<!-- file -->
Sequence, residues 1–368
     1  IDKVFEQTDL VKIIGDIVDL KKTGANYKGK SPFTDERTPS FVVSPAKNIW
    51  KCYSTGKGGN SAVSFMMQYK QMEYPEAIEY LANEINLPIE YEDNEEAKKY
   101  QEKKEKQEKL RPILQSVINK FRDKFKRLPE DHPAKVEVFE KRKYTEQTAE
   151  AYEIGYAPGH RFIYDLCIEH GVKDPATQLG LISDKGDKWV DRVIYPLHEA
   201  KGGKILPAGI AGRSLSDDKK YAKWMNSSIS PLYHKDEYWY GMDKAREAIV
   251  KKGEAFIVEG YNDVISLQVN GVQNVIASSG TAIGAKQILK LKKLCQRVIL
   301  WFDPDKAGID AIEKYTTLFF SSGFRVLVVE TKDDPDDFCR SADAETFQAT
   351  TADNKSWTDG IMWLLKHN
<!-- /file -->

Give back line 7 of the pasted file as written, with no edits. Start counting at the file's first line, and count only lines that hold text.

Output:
   251  KKGEAFIVEG YNDVISLQVN GVQNVIASSG TAIGAKQILK LKKLCQRVIL